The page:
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Beautiful Creatures an ugly mess



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DIRECTED BY Richard LaGravenese
STARS Alden Ehrenreich, Alice Englert

Jeremy Irons, Alice Englert and Alden Ehrenreich in Beautiful Creatures (Photo: Warner)
  • Jeremy Irons, Alice Englert and Alden Ehrenreich in Beautiful Creatures

    (Photo: Warner)

Emma Thompson delivers the worst performance of her distinguished career, Jeremy Irons resists the urge to have the producers sign his paycheck even as the cameras are rolling on him, and the exaggerated accents by a significant chunk of the cast are no more authentically Southern than the Great Wall of China. And so it goes with Beautiful Creatures, writer-director Richard LaGravenese's dreary adaptation of a Young Adult novel penned by Kami Garcia and Margaret Stohl.

Set in a fictional South Carolina town — the type where Civil War reenactments are more popular than Christmas, books like To Kill a Mockingbird are banned, and Burt Reynolds bombs like Stoker Ace and Cannonball Run II play annually in the town's solitary movie theater (actually, just assuming on that last one) — the story focuses on rebel without a clue Ethan Wate (Alden Ehrenreich) and the strange situations he encounters when Bella Swan — excuse me, Lena Duchannes (Alice Englert, Jane Campion's daughter) turns up as a new student at his high school. Ethan works hard to befriend the girl, who is otherwise ostracized by local goobers — like the Bible-thumping Mrs. Lincoln (Thompson) — who already fear her eccentric uncle (Irons). Ethan eventually learns that Lena comes from a family of Casters (the preferred word for witches) and, like Luke Skywalker before her, she will end up either succumbing to the dark side or crusading for goodness by taking up arms against an evil parent.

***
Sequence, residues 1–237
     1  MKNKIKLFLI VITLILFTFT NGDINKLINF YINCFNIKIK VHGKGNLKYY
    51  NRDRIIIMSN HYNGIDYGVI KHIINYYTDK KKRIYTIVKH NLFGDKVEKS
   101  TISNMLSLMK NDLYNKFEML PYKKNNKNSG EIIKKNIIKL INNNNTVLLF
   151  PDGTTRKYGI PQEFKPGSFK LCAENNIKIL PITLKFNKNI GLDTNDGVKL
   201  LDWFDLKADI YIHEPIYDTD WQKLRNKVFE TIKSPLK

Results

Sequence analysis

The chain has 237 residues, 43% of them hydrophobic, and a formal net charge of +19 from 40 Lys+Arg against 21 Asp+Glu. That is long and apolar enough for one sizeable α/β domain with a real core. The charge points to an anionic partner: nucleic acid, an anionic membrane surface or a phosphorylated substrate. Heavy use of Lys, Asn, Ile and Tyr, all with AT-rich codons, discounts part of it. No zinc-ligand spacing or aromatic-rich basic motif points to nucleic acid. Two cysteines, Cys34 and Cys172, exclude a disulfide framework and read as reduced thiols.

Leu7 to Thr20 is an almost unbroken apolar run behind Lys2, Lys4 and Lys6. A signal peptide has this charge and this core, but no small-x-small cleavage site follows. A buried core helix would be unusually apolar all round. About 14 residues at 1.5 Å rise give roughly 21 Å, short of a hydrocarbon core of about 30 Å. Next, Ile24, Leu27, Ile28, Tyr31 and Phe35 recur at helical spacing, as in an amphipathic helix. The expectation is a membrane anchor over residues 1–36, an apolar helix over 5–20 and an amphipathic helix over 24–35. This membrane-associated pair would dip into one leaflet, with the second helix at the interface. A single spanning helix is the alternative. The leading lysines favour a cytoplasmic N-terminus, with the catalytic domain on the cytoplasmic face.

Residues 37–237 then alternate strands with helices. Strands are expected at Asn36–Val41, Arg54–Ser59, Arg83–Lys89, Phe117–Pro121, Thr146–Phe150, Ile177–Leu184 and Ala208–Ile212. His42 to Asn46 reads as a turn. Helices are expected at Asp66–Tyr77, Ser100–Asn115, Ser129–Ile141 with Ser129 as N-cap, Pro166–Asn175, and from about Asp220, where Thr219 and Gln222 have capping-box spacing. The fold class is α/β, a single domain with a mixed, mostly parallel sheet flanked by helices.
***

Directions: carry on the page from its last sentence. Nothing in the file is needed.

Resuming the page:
Sparkly vampires suddenly look very appealing when compared to the Gothic witches on display here. For all the vitriol directed at the shaky Twilight series, all of its entries are definitely better than this dull and insipid movie, a trial run meant to gauge viewer interest in another series aimed at younger audiences. To the kids whose possible attendance will decide its fate, allow me to quote Nancy Reagan, who, incidentally, is referenced in one of the film's few amusing lines of dialogue. Just say no.


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